when intimate and complex subjects shake up the debates in the National Assembly

when intimate and complex subjects shake up the debates in the National Assembly

On a subject as intimate as the end of life, the motivations of the deputies transcend traditional divisions. Cases of conscience further accentuated by the latest version of the bill.

What do the Communist MP (PCF) Pierre Dharréville, the National Rally (RN) MP Frédéric Cabrolier, or the Les Républicains MP (LR), Justine Gruet have in common? All are opposed to the end-of-life bill, discussed in the National Assembly since May 27. The rejection of a text has rarely brought together such different political sides. It must also be said that it is unusual for a law to address subjects as intimate and technical as this one.

The sources of their deep motivation are multiple, sometimes surprising. Pierre Dharréville, deputy for Bouches-du-Rhône, was nourished by the thoughts of a Marxist philosopher, Lucien Sève. “He wondered about what the human person is, the fate we do to him, enlightens the elected official. I consider, like him, that we are going through an anthropological crisis. At the end of life, I believe that the majority of French people actually fear abandonment. What is radically outrageous is that there are so many French people who do not have access to palliative care.” For him, the urgency is to restore resources to the public hospital. His position remains very much in the minority among his group, the Democratic and Republican Left – Nupes. Almost all of its members are in favor of the law.

Intimate and complex subject

Other groups are more divided. Like Renaissance, Modem, LR or RN. Thomas Ménage, RN deputy for Loiret, rather supports the law, while Frédéric Cabrolier, deputy for Tarn, is opposed to it. The latter recognizes that forming an opinion was not easy. “I have two somewhat contradictory compasses. I place freedom above any other value: freedom of opinion, of movement – ​​I found the confinements incredible… But I am also a believer, a Catholic. Life is sacred In my opinion.” To try to consider only “the interest of society”, he met with end-of-life stakeholders in his constituency: caregivers, the Association for the Right to Die with Dignity… “It was about 'a personal approach. It is up to an MP to obtain the information to draw a vote from it.' The discussions with the doctors were decisive. They told him they did not want to be given responsibility for euthanasia. “This law risks hindering their freedom to provide care,” judges the elected official. Initially favorable to the latter, he then “totally” changed his mind. “I don't want to be one of those who will radically change our relationship with the sick. We are here to put the country back on track. It is going so badly. Values ​​are being lost, and this text touches on our values.”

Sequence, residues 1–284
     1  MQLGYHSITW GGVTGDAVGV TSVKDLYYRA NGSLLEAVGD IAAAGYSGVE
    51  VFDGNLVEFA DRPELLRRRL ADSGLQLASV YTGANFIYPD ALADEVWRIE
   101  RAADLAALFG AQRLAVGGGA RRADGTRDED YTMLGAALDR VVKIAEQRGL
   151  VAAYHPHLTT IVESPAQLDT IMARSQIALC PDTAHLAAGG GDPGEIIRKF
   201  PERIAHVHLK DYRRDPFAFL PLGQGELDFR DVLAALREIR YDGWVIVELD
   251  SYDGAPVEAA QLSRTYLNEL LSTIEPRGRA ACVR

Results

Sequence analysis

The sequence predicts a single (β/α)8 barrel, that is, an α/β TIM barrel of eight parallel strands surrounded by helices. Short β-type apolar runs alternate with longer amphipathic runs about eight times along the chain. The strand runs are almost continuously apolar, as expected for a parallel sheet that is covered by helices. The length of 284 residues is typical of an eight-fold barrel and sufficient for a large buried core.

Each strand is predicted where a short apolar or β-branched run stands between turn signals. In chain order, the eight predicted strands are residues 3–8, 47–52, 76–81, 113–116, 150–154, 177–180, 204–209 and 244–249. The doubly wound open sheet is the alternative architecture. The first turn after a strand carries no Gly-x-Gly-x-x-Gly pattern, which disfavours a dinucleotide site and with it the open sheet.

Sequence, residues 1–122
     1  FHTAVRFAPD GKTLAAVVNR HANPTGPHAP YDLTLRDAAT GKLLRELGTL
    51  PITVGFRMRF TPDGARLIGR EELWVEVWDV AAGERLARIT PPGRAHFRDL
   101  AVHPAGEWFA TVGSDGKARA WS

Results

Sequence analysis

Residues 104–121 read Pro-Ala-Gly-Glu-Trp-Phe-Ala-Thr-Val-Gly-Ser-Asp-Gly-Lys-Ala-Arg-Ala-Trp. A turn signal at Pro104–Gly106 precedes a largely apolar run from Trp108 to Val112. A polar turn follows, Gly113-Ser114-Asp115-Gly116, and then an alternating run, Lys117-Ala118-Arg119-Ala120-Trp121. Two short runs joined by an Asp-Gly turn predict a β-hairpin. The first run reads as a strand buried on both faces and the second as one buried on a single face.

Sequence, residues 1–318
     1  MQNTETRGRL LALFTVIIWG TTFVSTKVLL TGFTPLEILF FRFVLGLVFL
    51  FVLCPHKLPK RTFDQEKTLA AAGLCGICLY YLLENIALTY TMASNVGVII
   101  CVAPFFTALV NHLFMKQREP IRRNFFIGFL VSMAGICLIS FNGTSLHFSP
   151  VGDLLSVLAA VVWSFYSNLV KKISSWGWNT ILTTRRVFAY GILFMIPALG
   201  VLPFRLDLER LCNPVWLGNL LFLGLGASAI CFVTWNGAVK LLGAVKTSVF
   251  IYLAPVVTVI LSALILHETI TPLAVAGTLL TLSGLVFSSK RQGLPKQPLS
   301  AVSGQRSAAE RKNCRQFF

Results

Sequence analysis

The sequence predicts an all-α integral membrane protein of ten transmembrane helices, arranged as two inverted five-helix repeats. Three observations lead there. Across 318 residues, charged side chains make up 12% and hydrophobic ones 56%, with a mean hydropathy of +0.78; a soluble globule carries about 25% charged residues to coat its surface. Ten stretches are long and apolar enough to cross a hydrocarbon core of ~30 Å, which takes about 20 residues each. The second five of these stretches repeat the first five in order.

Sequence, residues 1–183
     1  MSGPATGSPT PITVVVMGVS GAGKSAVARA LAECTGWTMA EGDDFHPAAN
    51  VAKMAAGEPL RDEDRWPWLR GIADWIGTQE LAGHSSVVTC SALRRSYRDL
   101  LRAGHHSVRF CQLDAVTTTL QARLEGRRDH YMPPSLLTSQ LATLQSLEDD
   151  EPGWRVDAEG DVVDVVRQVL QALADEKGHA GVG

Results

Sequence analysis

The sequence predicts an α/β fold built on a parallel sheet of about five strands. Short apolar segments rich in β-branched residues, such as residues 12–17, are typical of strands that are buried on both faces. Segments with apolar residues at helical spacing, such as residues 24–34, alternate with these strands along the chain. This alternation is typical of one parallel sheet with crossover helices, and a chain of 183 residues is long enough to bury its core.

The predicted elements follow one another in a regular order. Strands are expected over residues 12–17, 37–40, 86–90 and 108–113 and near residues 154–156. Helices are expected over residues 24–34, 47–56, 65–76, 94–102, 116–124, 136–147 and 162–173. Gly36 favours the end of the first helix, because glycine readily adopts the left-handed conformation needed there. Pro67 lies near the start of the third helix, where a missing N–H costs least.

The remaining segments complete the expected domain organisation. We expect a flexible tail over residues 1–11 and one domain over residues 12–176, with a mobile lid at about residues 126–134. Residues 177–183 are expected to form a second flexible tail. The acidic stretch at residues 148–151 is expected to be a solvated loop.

Thomas Ménage confesses for his part that he discovered the issues of the debate during the hearings of the special commission of the Assembly responsible for examining the law, from April 22 to 30. “I have a fresh perspective. So I listened carefully to the interventions. I already know that I will vote with humility, without certainty of being right. There are subjects where I press the vote button without any hesitation . There I will do it with a trembling finger.” For now, he remains in favor of the law. “That people with refractory and incurable suffering request lethal sedation in an informed manner is understandable.” However, he will be vigilant about the right limit in the text: “At what point will we no longer be respectful of the person?”

MPs sometimes justify their opinion with personal stories. Environmentalist Sandrine Rousseau, in favor of the law, declared on April 24 that she had helped her seriously ill mother die. “She committed suicide and I was present. Who would I be to forbid her from doing this?” On the contrary, his PCF colleague Pierre Dharréville insists that his opinion on the subject is purely political, that no intimate experience has shaped it and he refuses to mention the slightest bit of it. “If we could spare ourselves these testimonies during the debates, it would be useful. We all have completely legitimate experiences with death which will not help us to aim for what we must seek, the general interest. We cannot not consider one's own experience as sufficient to tell the universal story.”